24 April 2008

Little Girl Dreams

Like every white, middle class blue-eyed blonde, I spent my childhood daydreaming about my future in terms of 2.2. and the white fence.  I logged countless hours agonizing over my future husband (Mr. Perfect, of course), our house (big but not too big, and a garage), our dogs (2 bassets, of course), our kids (two rowdy boys)...our everything.  All I could think about was my life in the future, and that future only came with a man and a family.  I defined myself around that dream.  It was the only way I could envision myself in the oh-so-scary future. 

This pattern of dreaming persisted well into my teenage years...and dare I say, into my early twenties.  With each new boyfriend, I would tell myself that he was "the one" and I would start picking out paint colors for the master bedroom before we even dropped the L-bomb.  Eventually, each relationship fell apart, and my WASPy dream would get recycled onto a new Mr. Perfect.  Until, one day, there was no Mr. Perfect.  My life was man-free.  No one to dream of a future with, no one to plan around, no one to consult about paint colors. 

And then the most amazing thing happened:  I was happy.  I stopped daydreaming about a future I couldn't control, and I found a present I could embrace.  

In all those years--from four to twenty-four--that I spent planning my life around "the plan," I forgot to ask myself if there might be something more fulfilling than living my life around a hopped-up, hyped-up, tired old dream.  What would happen if I only factored the one person I knew I could rely on, ME, into my future???  And then, the truly scary realization came:  Why do I keep living for "one day" when I could be living this day.

Tonight, I grabbed a fast dinner at a not-so-upscale place , and I saw an attractive forty-something woman eating alone.  (Two important notes:  1) I eat dinner out by myself occasionally and I manage not to feel pathetic or lonely, but I'm not crazy about it, 2) She had salad, I had fries.)  But this woman had a smile on her face.  She wasn't cowering her shoulders, hoping no one would witness her single dinner.  She wasn't pretentiously reading a book to make herself look studiously alone.  She didn't even touch her cellphone.  She sat and enjoyed dinner, quite happily, by herself.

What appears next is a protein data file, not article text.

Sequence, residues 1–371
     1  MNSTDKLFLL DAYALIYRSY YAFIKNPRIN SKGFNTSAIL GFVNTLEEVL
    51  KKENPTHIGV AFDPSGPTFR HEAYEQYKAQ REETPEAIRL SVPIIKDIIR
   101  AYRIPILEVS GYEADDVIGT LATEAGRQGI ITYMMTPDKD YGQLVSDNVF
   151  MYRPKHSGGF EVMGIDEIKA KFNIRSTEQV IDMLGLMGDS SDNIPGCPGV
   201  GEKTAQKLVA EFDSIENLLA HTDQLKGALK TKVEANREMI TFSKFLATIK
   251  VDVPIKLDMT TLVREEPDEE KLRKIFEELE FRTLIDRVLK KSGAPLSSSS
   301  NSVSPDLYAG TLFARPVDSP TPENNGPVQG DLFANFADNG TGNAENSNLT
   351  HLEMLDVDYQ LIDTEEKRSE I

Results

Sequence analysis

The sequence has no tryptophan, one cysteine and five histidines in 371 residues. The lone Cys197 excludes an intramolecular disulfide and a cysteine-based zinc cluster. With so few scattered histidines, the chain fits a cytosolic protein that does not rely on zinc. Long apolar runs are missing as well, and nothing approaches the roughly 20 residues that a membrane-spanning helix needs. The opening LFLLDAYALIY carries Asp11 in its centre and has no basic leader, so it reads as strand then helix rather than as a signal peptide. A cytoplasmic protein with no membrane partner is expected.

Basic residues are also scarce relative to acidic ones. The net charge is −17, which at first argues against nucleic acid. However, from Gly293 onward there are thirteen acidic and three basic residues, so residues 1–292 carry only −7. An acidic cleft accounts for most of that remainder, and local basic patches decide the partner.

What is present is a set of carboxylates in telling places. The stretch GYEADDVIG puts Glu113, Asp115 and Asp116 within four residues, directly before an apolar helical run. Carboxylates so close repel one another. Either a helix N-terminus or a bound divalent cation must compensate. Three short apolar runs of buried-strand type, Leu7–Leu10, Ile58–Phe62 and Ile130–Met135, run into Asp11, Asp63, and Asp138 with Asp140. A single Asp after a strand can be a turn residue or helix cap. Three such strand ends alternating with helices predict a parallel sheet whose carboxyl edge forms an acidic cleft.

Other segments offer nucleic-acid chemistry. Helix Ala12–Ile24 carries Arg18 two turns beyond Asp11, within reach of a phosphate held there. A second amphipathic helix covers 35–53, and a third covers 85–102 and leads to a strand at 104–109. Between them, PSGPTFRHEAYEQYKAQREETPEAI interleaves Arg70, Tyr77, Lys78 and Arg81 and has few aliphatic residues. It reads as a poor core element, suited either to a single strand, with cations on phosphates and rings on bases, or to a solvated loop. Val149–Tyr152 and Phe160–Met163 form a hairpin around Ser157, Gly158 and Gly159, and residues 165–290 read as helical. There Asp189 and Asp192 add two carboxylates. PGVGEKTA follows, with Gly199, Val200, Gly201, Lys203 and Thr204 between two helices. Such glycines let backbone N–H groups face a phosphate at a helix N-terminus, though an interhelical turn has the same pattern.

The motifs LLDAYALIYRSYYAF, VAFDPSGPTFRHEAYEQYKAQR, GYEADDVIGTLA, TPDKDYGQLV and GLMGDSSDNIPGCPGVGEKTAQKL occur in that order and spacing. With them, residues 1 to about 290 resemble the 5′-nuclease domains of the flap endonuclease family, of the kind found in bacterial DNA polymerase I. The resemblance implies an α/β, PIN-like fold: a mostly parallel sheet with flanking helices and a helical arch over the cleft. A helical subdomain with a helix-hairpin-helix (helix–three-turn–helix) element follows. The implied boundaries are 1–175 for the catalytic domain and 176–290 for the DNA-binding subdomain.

Five years ago, I would have pitied that woman.  I would have sent her a mental hug and hoped that she found someone soon.  Tonight, I completely surprised myself.  My first thought upon witnessing Ms. Single's dinner, was "I hope I'm that happy eating dinner alone at 40."  It's hard not to be jealous of someone who can make a Wednesday night dinner at a fast food joint a happy occasion. 

Throughout all those little-girl daydreams, I never considered the possibility that I could make myself happy.  I never had faith in my own abilities, and I never slowed down to consider if there were other things than marriage and a family that could make me smile and be proud.  But once I realized that there's a great big planet out there, and that I get airline miles with my credit card, there's nothing more I want than to fly around a experience it all.  I want to have a career that means something more than a paycheck, I want to travel, I want to read a thousand different books and then some, and I want to spend every possible second laughing.  And there is no reason to put off those things until "the future," when I could be doing them now.

Maybe someday I will end up with a Mr. Perfect and children and maybe even a garage.  But if I don't, I know I'll be just fine.  Better than fine.  I know that I will be happy, because I've promised myself that, from now on, I'm living my life for me, pushing my own boundaries, and I'm not wasting any more time waiting for someone else to come along and make me happy.  I've figured out how to do that all by myself, and I feels pretty damn good.      

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